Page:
IMPORTANT LATER ADDITIONS:
1: Since writing this post, I have been overwhelmed by the interest and positive comments from so many of you about this device, that I have changed my views on it, and will shortly be writing a hands-on review of the device.
The bottom feeders have arrived!
On my arrival here in Australia, my Daughter in Law, Caro, shoved a flyer into my travel exhausted hand, which I peered at blearily, and saw it was a gaudy ad for $98 ereader, of a make I had never heard of.
It seems that we now have a whole plethora of cheap ereaders available to us from the shops that work on the principle of “stack ‘em high and sell ‘em cheap”. Once I realised what it was I was looking at, I set to and hunted around the net to see if this was a one off, or a new development in the ereader world. I quickly discovered that without my noticing it, lots of similar stores, both high street and online are now offering what they blithely call ereaders for sale at well under $100 in Australia, America and at least one in Europe.
What these ereaders all have in common is that they are cheaply made Chinese ereaders, not made by one of the large and reputable Chinese companies, but knocked out in the sort of back street “factories” I saw so many of while I was living in China, and thus they are really rather nasty devices, not something I would dream of recommending to anyone.
The particular one that Caro showed me is called the MiGear ereader, and is sold both online and in the stores of an Australian store, called BigW,and I shall discuss it as a typical example of this development.
Not surprisingly, given the unit price of a real e-Ink screen, this one has a TFT screen (similar to the screen on a laptop) as these can be purchased at a very low unit price by such factories, which means it has all the normal problems associated with such screen technology, glare and short battery endurance between charges, on the other hand, it is colour, which some people prefer.
No DRM support… thus no copyrighted books work on it:
This screen is a pleasantly large 7 inch one, so that part of it is OK, and it supports all the normal formats for ebooks too, but, and this is a big but, it does not support DRM protected ebooks, which unless there is a work around to this (I shall look into this matter soon) means that one can not read any books one has paid for, but only use it for ebooks that are copyright free.
What I mean by a work around is not can you strip the DRM from your ebooks, I know you can do that, if you are reasonably nifty with a computer, but if it is possible to work legally with Adobe and this ereader.
I have waded through lots of threads on various Australian websites about this device, and the general finding was that it is slow, almost no functions apart from being able to read your non-copyrighted ebooks on it and a whole litany of other complaints on just about every aspect of the thing. Added to which, if you should buy it in the store, they mostly refuse to open the box and let you try it out in the store… so you have to buy the thing on the basis of the description on the outside of the box…. Whilst the handbook claims it gives you a 1 year warranty, BigW only offer a 21 day return policy, and then only if the thing is defective… So the fact that it is almost useless doesn’t count I would imagine.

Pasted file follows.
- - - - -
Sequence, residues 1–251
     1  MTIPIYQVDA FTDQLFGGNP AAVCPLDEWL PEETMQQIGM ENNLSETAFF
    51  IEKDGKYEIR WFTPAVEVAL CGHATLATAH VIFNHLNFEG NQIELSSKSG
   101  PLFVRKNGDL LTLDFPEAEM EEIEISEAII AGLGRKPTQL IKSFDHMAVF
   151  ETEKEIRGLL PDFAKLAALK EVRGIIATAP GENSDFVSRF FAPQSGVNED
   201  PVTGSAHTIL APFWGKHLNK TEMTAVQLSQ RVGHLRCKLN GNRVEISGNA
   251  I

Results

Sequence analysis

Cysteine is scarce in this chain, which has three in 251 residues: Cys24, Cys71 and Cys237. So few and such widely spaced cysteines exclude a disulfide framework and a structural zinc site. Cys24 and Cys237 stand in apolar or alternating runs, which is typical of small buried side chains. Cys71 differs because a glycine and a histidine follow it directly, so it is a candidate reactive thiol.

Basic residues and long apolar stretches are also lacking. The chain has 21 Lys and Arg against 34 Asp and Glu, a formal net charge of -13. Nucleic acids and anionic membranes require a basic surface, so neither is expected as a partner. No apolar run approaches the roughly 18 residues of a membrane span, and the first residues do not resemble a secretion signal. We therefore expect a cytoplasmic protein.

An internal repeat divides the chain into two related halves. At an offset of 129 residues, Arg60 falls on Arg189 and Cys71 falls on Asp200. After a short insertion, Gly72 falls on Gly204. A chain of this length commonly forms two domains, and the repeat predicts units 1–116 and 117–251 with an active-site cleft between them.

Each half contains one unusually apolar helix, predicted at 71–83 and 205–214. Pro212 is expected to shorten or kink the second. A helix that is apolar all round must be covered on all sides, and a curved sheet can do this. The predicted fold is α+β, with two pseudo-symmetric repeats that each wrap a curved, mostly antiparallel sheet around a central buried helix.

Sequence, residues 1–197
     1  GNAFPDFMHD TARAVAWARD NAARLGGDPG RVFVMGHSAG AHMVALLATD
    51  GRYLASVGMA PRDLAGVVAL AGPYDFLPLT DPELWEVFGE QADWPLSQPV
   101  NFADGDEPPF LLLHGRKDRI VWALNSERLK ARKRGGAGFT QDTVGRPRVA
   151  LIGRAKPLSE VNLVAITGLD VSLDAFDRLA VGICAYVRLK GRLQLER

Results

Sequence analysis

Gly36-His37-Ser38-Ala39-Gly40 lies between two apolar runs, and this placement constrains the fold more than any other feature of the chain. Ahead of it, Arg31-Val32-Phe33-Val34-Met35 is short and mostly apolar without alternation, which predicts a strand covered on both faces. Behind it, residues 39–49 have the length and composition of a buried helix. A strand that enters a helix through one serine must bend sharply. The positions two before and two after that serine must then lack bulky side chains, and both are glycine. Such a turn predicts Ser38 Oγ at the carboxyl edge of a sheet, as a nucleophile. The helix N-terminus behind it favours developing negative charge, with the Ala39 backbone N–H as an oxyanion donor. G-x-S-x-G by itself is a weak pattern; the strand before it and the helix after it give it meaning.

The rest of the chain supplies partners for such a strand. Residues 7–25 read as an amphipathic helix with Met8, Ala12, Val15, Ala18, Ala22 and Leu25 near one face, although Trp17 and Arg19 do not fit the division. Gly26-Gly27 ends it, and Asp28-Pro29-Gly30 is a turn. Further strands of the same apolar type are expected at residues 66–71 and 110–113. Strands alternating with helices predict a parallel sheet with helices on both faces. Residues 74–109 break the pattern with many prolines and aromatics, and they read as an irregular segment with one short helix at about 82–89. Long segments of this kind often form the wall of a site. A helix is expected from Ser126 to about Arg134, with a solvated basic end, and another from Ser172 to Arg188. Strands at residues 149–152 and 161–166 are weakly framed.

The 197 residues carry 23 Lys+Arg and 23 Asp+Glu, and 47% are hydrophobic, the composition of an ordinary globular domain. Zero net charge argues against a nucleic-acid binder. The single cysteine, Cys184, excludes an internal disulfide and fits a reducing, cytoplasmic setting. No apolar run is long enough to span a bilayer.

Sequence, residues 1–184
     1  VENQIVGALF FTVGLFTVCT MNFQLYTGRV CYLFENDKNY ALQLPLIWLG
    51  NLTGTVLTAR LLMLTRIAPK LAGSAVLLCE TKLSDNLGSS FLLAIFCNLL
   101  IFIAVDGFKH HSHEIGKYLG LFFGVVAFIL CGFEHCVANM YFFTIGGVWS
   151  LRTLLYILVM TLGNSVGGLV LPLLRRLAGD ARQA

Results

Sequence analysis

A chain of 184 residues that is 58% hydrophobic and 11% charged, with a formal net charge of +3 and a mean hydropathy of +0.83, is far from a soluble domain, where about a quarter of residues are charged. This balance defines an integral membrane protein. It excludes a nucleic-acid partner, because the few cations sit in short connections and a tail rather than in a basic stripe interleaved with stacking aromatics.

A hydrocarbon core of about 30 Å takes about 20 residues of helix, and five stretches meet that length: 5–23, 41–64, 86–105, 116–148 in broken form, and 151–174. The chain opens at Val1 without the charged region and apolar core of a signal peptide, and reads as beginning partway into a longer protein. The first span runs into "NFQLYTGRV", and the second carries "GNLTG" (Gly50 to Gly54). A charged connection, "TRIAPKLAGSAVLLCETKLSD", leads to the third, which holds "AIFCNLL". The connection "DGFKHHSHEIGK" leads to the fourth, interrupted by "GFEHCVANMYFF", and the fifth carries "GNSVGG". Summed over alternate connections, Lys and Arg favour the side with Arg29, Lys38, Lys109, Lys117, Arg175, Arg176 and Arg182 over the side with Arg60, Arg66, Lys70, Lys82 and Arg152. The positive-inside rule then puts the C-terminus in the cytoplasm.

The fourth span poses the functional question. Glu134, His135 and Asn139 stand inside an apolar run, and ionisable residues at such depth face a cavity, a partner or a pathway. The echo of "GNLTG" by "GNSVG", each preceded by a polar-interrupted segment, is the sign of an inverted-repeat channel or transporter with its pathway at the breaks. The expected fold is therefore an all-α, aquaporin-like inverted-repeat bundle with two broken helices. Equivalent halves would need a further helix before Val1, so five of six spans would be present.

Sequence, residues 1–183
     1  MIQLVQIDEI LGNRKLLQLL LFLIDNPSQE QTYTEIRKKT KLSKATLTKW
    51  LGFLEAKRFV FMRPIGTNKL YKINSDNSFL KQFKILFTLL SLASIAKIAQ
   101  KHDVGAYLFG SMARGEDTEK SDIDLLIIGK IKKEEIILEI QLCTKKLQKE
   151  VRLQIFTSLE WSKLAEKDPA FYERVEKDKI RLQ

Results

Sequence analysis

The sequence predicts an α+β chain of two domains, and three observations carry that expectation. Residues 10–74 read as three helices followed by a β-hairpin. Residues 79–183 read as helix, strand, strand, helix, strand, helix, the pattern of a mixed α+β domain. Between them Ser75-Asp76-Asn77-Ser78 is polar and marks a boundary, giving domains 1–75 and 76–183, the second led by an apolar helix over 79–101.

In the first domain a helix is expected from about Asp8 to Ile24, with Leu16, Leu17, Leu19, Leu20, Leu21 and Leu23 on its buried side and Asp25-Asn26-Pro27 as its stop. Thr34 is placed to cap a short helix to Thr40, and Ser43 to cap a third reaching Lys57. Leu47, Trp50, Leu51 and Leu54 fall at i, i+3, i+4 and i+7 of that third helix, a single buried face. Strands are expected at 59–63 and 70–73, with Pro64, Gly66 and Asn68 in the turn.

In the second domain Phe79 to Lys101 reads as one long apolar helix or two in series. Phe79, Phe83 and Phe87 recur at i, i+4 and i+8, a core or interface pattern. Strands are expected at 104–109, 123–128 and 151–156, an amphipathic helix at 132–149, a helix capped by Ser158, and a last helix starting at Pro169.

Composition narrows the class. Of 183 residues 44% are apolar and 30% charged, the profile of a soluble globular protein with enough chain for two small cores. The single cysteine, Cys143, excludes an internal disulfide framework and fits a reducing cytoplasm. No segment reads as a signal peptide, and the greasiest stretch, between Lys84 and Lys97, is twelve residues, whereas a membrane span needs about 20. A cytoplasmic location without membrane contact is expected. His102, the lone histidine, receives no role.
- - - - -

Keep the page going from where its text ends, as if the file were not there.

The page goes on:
I have just been told, both by MiGear themselves and by several readers of this blog, that it now supports DRM, and for those who bought their MiGear before 1st December, you can download the necessary software to enable DRM from this link: http://www.migear.biz
I feel very strongly that ereaders such as this one are to be avoided at all costs……. They will give a completely wrong impression of the pleasure one can get from using an ereader, and turn people completely off the whole idea.
Given that one can buy a perfectly good, fully functional ereader for about $40 more, I see no point in buying such a device.
Not everyone hated it:
Having said that, I came across a number of comments by people who, recognizing the limitations of this device, were none the less perfectly happy with it, as they only wished to read out of copyright ebooks, which they felt it did perfectly well, or others who were computer savvy enough to know how to strip the DRM protection off ebooks, and thus could buy and read ebooks from any ebook sellers…. So, as with everything, if you know what you are doing, and don’t mind having to sort things out for yourself, this could be a useful device.
As a phenomena, it is interesting however, as it shows clearly that the concept of ereaders has definitely arrived, since shops like this never stock items they are not 100% sure they can sell, so shortly we shall see lots more of these cheap devices, piled up beside the MP3 players that are shaped like small pink dogs or whatever……
Anyhow, for what it is worth, here are the specifications of this particular example of this development:
Price: $ 98
Product Height: (CM) 23 cms
Product Weight (KG): 0.465
Product Width (CM): 15
Battery Life Up to 8hrs of constant reading.
Built In Memory 2GB
Colour Screen: Yes
Display Type: TFT colour screen.
Expandable memory: Micro SD card (not included).
Memory Card Slot :Yes
Playback Function: View your photos and play music.
Screen Size (Inches): 7
Supported Formats: Supports eBook formats PDF, TXT, EPUB, CHM, RTF, HTML.